Interracial relationships are growing according to Pew Polls. I remind myself that interracial marriage was illegal and sometimes induced physical violence in my grandparents’ and parent’s lifetime.Our type of love didn’t become legal until 1967, and half a century later there is still scrutiny and disapproval when it comes to “dating out.” (I can only imagine the obstacles gay and lesbian couples face.) My son isn’t old enough to notice the disapproving glares, but as a Momma Bear, I worry about his future.You might consider our family interracial, but we do not, so stop staring and let interracial love be.
My partner and I had long discussions and made a conscious decision that as parents, we would not decide a race for our son.
When we learned that assigning my race would automatically determine my son’s, we deferred.
This essay focuses on an incidence of public policing through the popular social networking platform Facebook, centering on the invocation of racial obligation by white friends and family members.
I analyze how racial loyalty is articulated by friends and family members in their posts on my personal Facebook page and how this ‘loyalty’ is used as means of regulating my mixed-race identity performance.
If nothing changes in 2035 — I fear for the heartache he will face should he decide to love someone that society may deem as an inappropriate love interest for him. The truth is, we didn’t choose each other because of our races, but if we did would that be okay?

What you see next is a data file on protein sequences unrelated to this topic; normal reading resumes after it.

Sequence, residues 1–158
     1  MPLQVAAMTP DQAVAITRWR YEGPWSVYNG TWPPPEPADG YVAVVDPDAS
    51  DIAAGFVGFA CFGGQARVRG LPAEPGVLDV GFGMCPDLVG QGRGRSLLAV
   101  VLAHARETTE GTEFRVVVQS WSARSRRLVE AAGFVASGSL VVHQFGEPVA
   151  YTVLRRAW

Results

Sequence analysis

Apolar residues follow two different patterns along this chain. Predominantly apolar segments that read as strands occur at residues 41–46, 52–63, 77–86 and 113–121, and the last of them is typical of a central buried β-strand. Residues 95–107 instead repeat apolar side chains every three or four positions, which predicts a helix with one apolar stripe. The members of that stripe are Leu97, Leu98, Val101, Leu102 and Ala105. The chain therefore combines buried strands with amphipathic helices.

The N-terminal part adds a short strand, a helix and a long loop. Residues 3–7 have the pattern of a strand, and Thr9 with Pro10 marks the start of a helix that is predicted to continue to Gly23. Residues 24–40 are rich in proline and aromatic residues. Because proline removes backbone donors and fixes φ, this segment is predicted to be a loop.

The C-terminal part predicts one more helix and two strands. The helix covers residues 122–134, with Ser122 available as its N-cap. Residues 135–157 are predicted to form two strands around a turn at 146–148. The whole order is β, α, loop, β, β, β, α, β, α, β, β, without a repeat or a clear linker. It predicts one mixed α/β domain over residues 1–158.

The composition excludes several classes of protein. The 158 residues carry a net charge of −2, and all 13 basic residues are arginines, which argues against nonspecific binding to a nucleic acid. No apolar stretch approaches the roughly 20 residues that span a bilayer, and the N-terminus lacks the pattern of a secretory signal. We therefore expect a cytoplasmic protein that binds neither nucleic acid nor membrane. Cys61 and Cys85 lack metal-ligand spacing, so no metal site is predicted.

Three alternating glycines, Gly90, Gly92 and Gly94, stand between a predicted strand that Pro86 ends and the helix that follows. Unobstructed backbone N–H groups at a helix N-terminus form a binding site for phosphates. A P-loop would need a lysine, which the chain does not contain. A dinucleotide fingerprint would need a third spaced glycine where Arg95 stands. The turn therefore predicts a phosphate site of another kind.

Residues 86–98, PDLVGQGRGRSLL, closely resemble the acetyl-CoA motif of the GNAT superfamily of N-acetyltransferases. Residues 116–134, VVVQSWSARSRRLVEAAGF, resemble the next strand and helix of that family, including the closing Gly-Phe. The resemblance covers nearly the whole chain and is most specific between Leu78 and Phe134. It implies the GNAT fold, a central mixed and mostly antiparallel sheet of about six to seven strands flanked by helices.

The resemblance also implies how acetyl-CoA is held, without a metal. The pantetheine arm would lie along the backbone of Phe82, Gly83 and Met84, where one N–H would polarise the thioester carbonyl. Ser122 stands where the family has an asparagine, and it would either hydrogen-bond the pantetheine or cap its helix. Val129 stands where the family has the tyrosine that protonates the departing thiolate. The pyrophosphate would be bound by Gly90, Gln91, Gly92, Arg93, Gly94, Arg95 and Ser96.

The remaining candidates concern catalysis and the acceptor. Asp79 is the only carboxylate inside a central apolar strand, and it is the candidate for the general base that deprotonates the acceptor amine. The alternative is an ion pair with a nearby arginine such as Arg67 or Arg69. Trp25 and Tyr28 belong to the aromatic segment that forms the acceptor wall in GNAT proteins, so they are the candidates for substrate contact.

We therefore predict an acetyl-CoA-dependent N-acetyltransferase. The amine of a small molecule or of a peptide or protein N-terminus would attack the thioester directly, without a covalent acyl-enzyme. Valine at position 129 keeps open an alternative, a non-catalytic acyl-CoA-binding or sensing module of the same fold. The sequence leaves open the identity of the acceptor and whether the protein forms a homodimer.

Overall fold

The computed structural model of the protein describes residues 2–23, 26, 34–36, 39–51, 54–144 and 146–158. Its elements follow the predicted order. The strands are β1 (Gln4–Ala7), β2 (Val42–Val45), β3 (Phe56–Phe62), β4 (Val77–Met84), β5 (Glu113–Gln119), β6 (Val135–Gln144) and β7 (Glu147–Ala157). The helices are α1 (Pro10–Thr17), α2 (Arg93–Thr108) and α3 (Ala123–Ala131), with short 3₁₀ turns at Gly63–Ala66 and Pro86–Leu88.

I worry even now that people will judge him because his parents are of different ancestry. It has been quoted of love by William Shakespeare, that “love is blind.” Our love, like many others, is far from perfect but love sees no faults, no wrongs, no imperfections in the one close to their heart. “Love is blind, but not the neighbors,” makes it clear that although you see no wrong in your love, others may.Growing up my Grandmother made sure my Barbie was a beautiful shade of caramel brown, like me.Her “boyfriend” happened to be my crush from the Beverly Hills 90210, Dylan.These articles foreground the theoretical and methodological innovation so characteristic of the Communication, Information Technologies, and Media Sociology Section of the American Sociological Association (ASA), including the new focus on media sociology.This article utilizes discourse analysis and an autoethnographic approach to explore the impact of U. racial and ethnic categorization on the experiences of an individual marked as ‘mixed-race’ in terms of individual identity and familial/cultural group loyalty and obligation(s).The author explores the discourses and logics that self-identified multiracial and multiethnic female online daters use to explain their own responses to social justice movements around race and racism in the United States.These women mobilize stances on the social movement Black Lives Matter (BLM) as a metric of racial progressiveness, articulating their own political views on race.Due to the increase in the number of Americans – both in opposite-sex and same-sex relationships – reporting partners of a different race or ethnic background between the 20 censuses, race and intimacy remain at the forefront of mainstream social concerns.However, research exploring how multiracial people – a rapidly growing population – fit in these trends is underrepresented.I grew up thinking that it was safe for me to love whoever I wanted, but from our first year dating, we noticed disapproving glares and comments from strangers.It caused us to avoid certain places and even caused us to leave a few restaurants.